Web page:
When I was speaking with some of my coworkers recently about my plans to quit my job to join in creating another startup, I could tell that at least a few of them thought I was nuts. No, they weren’t so impolite as to actually say it out loud, but there’s nothing like a good eye-roll to punctuate some obvious non-verbal communication. So that begs the question: are entrepreneurs at least a little bit crazy?
At first glance it’s easy to make up a list of attributes and behaviors that start to swing the crazy arrow toward the high end of the cuckoo scale. Entrepreneurs are risk takers. They are searching for, rather than starting with, answers. They are giving up a paycheck, and soon find themselves responsible for making a payroll.
Entrepreneurship is, in its most basic form, a search for a solution to a problem. It is certainly a risky proposition, an environment that requires a tolerance for some degree of ambiguity and lack of structure, and an admission that customer acceptance is the only real validation that our solution is one that is both viable and feasible.
Of course, on closer analysis much of the risk for an entrepreneurial venture comes when we think we have an amazing solution to a problem, only to later learn that customers could care less about our product, which they see as a poor solution to a problem we had never really fully defined and solved. Continuing to focus on finding new ways to market something no one really wants is certainly the definition of insanity. Expecting different results without a solution based on customer input and feedback is both a frustrating and expensive way to burn through a limited startup budget.
From the work of Eric Ries, Steve Blank, Ash Maurya and many others, we know that a customer-centric, “lean” approach requires a startup to establish a dialogue with customers early on in order to gain valuable feedback that can then be incorporated into initial mock-ups and prototypes. But that is only the beginning of a process that will continue in a perpetual feedback loop, as customers guide us toward the business model that matches the right solution to the customer’s identified business problem. Customer feedback may require us to pivot and modify as approach as the real problem is identified. We may find that the price of the solution to the problem is not something customers are willing to pay, rendering our model infeasible.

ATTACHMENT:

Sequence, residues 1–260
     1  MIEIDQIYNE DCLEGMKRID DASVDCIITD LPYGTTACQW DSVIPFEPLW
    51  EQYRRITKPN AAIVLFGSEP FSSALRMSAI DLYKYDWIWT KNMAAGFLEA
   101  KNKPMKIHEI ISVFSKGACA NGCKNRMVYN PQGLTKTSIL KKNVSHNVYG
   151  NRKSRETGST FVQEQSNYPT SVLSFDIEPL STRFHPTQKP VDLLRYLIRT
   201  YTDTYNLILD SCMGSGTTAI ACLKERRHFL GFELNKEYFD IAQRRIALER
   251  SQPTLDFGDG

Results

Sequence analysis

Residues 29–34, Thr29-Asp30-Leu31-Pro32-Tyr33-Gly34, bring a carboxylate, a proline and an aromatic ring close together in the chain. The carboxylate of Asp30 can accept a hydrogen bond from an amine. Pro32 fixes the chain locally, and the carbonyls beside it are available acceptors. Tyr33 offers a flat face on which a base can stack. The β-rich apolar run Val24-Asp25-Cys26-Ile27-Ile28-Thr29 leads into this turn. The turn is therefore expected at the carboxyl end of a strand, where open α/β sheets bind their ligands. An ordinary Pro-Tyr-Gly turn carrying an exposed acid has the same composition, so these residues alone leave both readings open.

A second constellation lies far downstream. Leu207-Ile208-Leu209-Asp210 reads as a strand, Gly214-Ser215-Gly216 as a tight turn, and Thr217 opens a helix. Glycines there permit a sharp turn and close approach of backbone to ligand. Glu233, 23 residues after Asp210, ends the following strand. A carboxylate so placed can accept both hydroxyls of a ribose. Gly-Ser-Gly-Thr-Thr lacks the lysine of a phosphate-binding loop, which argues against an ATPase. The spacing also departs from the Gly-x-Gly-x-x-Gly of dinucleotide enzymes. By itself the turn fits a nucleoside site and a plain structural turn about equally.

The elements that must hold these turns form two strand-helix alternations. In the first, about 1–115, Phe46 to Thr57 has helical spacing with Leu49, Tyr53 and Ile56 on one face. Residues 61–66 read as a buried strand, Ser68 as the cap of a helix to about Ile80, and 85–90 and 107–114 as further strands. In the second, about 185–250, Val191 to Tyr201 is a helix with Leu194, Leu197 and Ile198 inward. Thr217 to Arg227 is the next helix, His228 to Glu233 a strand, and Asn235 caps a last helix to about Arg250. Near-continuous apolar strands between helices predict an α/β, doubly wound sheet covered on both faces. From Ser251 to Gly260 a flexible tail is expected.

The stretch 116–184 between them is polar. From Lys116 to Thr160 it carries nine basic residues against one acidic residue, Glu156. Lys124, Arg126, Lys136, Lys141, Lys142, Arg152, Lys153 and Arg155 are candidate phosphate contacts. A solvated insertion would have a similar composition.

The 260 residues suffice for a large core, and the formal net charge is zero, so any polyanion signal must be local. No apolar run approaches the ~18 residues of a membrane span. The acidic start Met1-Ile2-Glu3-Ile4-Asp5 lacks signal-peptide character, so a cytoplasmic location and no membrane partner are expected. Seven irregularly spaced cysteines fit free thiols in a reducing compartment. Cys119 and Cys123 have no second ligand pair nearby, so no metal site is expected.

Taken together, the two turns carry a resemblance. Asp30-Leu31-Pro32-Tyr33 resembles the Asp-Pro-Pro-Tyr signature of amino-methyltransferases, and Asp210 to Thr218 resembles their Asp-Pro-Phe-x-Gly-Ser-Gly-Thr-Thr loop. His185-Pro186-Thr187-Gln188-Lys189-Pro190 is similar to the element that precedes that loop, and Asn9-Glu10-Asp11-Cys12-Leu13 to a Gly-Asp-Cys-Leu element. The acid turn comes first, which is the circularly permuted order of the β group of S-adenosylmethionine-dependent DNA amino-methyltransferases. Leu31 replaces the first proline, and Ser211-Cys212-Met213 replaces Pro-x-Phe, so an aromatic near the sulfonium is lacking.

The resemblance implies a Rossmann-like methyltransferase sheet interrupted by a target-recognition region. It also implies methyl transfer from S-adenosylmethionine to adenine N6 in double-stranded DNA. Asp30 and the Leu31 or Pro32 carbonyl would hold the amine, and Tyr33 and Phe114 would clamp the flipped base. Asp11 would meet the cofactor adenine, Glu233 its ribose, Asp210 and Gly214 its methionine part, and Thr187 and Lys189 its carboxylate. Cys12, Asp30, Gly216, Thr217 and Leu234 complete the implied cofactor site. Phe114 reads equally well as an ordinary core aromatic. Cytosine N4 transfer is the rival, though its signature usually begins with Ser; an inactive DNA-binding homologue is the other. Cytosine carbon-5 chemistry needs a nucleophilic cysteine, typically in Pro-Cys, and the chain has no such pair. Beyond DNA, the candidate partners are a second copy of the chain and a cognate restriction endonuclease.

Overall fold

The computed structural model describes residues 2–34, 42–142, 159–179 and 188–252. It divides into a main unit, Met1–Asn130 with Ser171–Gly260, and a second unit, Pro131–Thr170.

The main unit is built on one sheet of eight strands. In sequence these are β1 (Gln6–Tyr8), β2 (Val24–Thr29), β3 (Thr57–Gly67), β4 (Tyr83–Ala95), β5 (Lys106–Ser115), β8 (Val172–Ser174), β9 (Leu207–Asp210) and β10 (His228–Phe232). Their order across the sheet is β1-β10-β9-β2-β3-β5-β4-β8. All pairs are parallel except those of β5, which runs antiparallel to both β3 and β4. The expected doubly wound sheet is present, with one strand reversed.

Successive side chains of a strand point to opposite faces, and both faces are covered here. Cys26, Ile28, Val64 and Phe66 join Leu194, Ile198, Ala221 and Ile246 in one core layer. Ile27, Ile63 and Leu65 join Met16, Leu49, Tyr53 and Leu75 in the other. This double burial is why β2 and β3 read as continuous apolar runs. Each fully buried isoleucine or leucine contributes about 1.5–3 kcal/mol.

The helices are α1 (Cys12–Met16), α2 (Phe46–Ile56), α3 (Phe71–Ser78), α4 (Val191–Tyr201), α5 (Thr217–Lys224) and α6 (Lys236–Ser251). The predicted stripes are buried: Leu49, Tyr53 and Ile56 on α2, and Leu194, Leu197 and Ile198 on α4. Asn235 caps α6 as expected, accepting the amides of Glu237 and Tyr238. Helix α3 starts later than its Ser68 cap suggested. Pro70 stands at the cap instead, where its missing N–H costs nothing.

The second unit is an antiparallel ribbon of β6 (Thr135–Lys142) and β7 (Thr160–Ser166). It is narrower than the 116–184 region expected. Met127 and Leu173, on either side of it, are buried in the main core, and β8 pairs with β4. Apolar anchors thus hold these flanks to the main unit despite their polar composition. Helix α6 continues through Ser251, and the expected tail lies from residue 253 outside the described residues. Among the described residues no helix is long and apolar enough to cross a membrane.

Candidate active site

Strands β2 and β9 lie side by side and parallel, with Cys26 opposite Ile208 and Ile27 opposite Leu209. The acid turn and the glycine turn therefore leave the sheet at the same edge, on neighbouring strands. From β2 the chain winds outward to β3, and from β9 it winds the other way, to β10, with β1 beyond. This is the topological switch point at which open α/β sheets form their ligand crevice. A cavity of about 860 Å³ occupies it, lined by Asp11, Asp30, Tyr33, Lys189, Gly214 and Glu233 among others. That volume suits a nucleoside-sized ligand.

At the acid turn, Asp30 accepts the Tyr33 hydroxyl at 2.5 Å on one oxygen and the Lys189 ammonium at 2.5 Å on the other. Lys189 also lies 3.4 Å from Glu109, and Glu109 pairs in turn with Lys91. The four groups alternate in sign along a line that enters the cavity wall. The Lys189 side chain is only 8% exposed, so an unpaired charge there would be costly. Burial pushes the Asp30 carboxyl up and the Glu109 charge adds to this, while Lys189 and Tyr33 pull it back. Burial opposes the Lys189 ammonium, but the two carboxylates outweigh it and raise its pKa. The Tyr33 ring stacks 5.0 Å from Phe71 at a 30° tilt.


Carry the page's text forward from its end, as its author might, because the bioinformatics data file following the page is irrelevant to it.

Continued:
BUT, what if the iterative process and listening to customers actually does yield a viable and feasible solution? We have accomplished two important goals: we have solved a real problem that will benefit our current and potential customers, and we have created a direct line of communication and have allowed our customers to participate in helping us find the solution. Pretty crazy, huh? Are entrepreneurs crazy? Only the ones who aren’t willing to get out of the building and include customers in the process.